Synchrotron radiation is highly polarized. In an ideal ring, where all electrons are parallel to one another in a central orbit, the radiation in the orbital plane is linearly polarized with the electric vector lying in this plane. Outside the plane, the radiation is elliptically polarized.

In practice, the electron path in a storage ring is not a circle. The `ring' consists of an alternation of straight sections and bending magnets. Beam lines are installed at the bending magnets and at the insertion devices.

These insertion devices with a zero magnetic field integral, i.e. wigglers and undulators, may be inserted in the straight sections (Fig. 6.1.2.4[link][link]). A wiggler consists of one or more dipole magnets with alternating magnetic field directions aligned transverse to the orbit. The critical wavelength can thus be shifted towards shorter values because the bending radius can be decreased over a short section, especially when superconducting magnets are used. Such a device is called a wavelength shifter. If it has N dipoles, the radiation from the different poles is added to give an N-fold increase in intensity. Wigglers can be horizontal or vertical. In a wiggler, the maximum divergence, 2α, of the electron beam is much larger than ψ, the vertical aperture of the radiation cone in the spectral region of interest (Fig. 6.1.2.2[link]). If [2\alpha \ll \psi], and if, in addition, the magnet poles of a multipole device have a short period, then the device becomes an undulator; interference takes place between the radiation of wavelength λ0 emitted at two points λ0 apart on the electron trajectory (Fig. 6.1.2.5[link]). The spectrum at an angle θ to the axis observed through a pinhole consists of a single spectral line and its harmonics with wavelengths[\lambda_{i} = i^{-1} \lambda_{0} [(E/mc^{2})^{-2} + \alpha^{2}/2 + \theta^{2}]/2] (Hofmann, 1978[link]). Typically, the bandwidth of the lines, [\delta \lambda /\lambda], is ∼0.01 to 0.1, and the photon flux per unit bandwidth from the undulator is many orders of magnitude greater than that from a bending magnet. Undulators at the ESRF have a fundamental wavelength of less than 1 Å.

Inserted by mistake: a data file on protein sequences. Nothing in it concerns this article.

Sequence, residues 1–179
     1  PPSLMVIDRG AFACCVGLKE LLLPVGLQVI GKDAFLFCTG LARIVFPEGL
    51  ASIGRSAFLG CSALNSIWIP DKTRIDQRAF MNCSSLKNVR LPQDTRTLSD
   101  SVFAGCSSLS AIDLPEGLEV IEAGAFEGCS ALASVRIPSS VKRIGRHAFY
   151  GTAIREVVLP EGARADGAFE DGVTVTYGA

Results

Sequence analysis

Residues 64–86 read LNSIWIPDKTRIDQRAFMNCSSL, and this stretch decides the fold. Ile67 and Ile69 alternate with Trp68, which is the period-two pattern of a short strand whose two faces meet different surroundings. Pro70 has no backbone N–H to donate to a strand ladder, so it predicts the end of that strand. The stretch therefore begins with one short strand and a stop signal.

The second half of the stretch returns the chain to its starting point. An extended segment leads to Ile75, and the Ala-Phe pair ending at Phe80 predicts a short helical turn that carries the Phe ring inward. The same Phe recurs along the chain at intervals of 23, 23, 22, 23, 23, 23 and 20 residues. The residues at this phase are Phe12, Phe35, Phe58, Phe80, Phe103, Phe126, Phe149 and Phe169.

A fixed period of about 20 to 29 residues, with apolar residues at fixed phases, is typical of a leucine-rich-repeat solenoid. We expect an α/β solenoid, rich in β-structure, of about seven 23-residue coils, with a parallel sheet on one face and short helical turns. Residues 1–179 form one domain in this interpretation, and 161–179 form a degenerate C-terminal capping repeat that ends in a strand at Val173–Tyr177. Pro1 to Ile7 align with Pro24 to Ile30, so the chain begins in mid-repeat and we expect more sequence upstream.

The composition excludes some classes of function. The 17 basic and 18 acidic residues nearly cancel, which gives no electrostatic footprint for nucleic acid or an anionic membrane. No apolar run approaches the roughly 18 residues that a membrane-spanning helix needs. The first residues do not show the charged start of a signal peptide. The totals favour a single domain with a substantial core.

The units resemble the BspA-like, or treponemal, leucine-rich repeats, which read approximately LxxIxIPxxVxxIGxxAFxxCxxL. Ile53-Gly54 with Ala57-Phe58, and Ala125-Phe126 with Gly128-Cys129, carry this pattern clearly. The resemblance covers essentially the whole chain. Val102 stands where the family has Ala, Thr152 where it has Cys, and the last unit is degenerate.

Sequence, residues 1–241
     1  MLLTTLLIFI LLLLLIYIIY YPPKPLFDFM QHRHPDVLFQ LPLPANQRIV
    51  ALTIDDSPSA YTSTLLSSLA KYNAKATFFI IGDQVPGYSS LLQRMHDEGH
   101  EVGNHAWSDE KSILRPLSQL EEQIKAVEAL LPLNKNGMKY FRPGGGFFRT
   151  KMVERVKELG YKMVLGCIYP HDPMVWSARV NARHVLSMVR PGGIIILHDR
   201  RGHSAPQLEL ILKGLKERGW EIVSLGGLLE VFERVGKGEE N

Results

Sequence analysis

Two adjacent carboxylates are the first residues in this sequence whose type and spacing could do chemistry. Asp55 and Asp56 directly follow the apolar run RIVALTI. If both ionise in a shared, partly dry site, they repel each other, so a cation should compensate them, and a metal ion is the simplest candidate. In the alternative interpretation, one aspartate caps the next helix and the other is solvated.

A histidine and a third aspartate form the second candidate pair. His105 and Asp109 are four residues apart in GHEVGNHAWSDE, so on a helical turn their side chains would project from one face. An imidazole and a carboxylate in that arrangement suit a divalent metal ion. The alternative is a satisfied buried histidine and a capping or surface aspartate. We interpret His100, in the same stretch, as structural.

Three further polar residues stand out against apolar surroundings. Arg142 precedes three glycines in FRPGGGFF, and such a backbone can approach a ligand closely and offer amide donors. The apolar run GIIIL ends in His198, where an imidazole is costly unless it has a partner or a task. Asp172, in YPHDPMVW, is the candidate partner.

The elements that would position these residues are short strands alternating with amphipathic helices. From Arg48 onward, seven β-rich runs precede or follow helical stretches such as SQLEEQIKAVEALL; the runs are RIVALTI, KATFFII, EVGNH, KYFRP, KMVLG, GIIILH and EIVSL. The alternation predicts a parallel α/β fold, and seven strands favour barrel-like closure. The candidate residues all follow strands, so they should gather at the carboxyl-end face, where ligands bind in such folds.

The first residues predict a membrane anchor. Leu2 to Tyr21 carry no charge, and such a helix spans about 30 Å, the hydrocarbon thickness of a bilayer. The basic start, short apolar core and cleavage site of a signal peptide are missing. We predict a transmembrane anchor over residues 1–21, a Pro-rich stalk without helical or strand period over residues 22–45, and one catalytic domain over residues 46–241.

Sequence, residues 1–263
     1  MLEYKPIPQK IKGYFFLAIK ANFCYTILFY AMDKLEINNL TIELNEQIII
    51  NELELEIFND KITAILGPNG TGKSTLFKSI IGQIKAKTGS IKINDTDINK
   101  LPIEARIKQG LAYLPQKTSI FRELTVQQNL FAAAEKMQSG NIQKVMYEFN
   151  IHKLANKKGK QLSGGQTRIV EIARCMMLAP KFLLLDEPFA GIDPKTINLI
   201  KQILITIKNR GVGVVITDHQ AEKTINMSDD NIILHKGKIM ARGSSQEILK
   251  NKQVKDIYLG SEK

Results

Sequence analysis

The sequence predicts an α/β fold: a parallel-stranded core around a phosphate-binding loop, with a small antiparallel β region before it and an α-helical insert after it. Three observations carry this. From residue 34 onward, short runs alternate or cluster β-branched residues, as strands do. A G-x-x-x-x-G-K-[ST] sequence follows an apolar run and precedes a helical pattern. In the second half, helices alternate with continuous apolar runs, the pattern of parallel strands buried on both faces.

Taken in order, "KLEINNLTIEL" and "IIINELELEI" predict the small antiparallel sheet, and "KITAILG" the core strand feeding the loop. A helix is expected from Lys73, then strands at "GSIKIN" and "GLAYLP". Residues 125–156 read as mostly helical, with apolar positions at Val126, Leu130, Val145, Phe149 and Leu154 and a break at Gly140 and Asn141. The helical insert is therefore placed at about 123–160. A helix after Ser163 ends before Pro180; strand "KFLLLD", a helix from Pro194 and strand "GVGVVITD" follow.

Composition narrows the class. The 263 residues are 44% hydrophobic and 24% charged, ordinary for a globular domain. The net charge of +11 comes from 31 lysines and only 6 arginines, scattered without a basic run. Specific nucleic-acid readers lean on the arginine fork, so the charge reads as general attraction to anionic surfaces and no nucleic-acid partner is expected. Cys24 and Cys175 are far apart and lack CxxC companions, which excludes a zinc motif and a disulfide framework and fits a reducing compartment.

[Figure 6.1.2.3]

Figure 6.1.2.3 | top | pdf |

Comparison of the spectra from the storage ring SPEAR in photons s−1 mA−1 mrad−1 per 1% band pass (1978 performance) and a rotating-anode X-ray generator, showing the Cu K emission line and the Bremsstrahlung. Reproduced with permission from Nagel (1980[link]). Copyright (1980) New York Academy of Sciences.

[Figure 6.1.2.4]

Figure 6.1.2.4 | top | pdf |

Main components of a dedicated electron storage-ring synchrotron-radiation source. For clarity, only one bending magnet is shown. From Buras & Tazzari (1984[link]).

[Figure 6.1.2.5]

Figure 6.1.2.5 | top | pdf |

Electron trajectory within a multipole wiggler or undulator. [\lambda _{0}] is the spatial period, α is the maximum deflection angle and θ is the observation angle. From Buras & Tazzari (1984[link]).

The spectra for a bending magnet and a wiggler are compared with that from a copper-target rotating-anode tube in Fig. 6.1.2.3.[link][link]

[Figure 6.1.2.6]

Figure 6.1.2.6 | top | pdf |

Spectral distribution and critical wavelengths for (a) a dipole magnet, (b) a wavelength shifter and (c) a multipole wiggler at the ESRF. From Buras & Tazzari (1984[link]).

References

Hofmann, A. (1978). Quasi-monochromatic synchrotron radiation from undulators. Nucl. Instrum. Methods, 152, 17–21.Google Scholar
Schwinger, J. (1949). On the classical radiation of accelerated electrons. Phys. Rev. 75, 1912–1925.Google Scholar
Winick, H. (1980). Properties of synchrotron radiation. In Synchrotron radiation research, edited by H. Winick & S. Doniach. New York: Plenum.Google Scholar